Blog Posts > Reducing Poverty Can Improve Educational Outcomes
May 7, 2024

Reducing Poverty Can Improve Educational Outcomes

One in four children in West Virginia lived in poverty in 2022, the second highest rate of any state in the country. With the state pursuing education reform focused on funneling taxpayer funding out of public schools and into the private sector via the Hope Scholarship, West Virginia’s voucher program which is growing more expensive each year, it is important to consider the economic and social conditions of our state’s children, which play a major role in educational outcomes.

West Virginia’s fourth grade reading proficiency levels were the second lowest in the country in 2022, and it is no coincidence that the state also reported the second highest level of child poverty. Research has shown that child poverty is strongly associated with lower educational outcomes. National figures have shown that low math and science test scores are associated with higher child poverty.

Child poverty rates across the country in 2022 ranged from under 7 percent to over 26 percent, while the share of fourth graders proficient in reading spanned from under 20 percent to over 43 percent. Of the five states with the highest child poverty rates, none had reading proficiency scores above the national average. In contrast, of the five states with the lowest child poverty levels, all fell at or above the national average for fourth grade reading proficiency scores.

The range of poverty rates and test scores demonstrates a correlation between a state’s child poverty rate and fourth grade reading proficiency. In general, the lower a state’s child poverty rate, the higher its children score on reading proficiency tests.

Poverty and socioeconomic status have an impact that goes far beyond test scores. One analysis of longitudinal student outcomes found that a high-scoring student from a low-income household is less likely to go on to obtain a college degree than a low-scoring student from a high-income household. Lower income households have fewer resources to spend on out-of-school academic resources for their children and tend to live in school districts with less funding.

If West Virginia lawmakers truly want to increase educational outcomes for our students, they need to look past discredited policies like school vouchers which have mixed or negative impacts on student achievement and are only available to a narrow subset of families (typically those with higher incomes who live near a private school and meet their often discriminatory eligibility guidelines or are able to homeschool their children). Instead they should focus on increasing the economic health and security of all families and reducing our child poverty rate. Early interventions are more cost effective and tend to have the greatest return on investment since the negative effects of living with few resources snowball over time.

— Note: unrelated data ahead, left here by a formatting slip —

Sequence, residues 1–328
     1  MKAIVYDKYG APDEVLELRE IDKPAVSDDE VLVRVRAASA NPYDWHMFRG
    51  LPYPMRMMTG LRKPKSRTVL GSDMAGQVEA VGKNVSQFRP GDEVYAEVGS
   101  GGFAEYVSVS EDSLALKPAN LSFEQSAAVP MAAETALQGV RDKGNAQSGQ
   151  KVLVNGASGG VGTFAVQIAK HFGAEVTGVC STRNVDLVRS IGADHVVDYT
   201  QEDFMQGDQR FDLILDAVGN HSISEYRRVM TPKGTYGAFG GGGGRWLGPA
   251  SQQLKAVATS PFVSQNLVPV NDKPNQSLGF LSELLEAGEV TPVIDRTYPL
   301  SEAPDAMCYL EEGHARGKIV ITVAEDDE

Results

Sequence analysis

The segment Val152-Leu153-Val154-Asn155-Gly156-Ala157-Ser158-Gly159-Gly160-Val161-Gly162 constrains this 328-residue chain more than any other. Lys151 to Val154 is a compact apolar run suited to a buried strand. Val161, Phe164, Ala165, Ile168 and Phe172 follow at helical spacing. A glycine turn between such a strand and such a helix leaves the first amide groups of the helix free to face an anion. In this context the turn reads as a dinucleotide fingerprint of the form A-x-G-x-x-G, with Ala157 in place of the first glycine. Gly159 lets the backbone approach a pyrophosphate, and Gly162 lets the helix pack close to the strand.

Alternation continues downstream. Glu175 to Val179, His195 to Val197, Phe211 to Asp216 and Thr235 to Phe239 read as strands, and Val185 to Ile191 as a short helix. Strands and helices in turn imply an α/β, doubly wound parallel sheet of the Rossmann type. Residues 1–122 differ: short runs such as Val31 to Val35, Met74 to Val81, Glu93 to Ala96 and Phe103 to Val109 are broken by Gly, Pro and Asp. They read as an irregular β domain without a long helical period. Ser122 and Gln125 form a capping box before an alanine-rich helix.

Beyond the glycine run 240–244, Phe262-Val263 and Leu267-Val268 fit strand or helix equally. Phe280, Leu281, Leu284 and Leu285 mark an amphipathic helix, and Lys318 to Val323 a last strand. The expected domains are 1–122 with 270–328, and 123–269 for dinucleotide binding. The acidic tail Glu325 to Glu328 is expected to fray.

Research has shown that by simply supplementing the income of poor families, particularly through the Earned Income Tax Credit (EITC) and Child Tax Credit (CTC), we can significantly increase the educational achievement of their children. West Virginia can capitalize on this finding by creating a generous state EITC or CTC that builds on the existing federal credits and can help lift more families out of poverty.

Other research has shown that healthier students are better learners. Continuing to support and protect access to health care, particularly by fully funding Medicaid, is also a key factor.

Supporting families in poverty is one of the most effective educational reforms West Virginia can make.

Donate Today!
Icon with two hands to donate today.

Help Us Make West Virginia a Better Place to Live

Subscribe Today!
Icon to subscribe.

Follow Our Newsletter to Stay Up to Date on Our Progress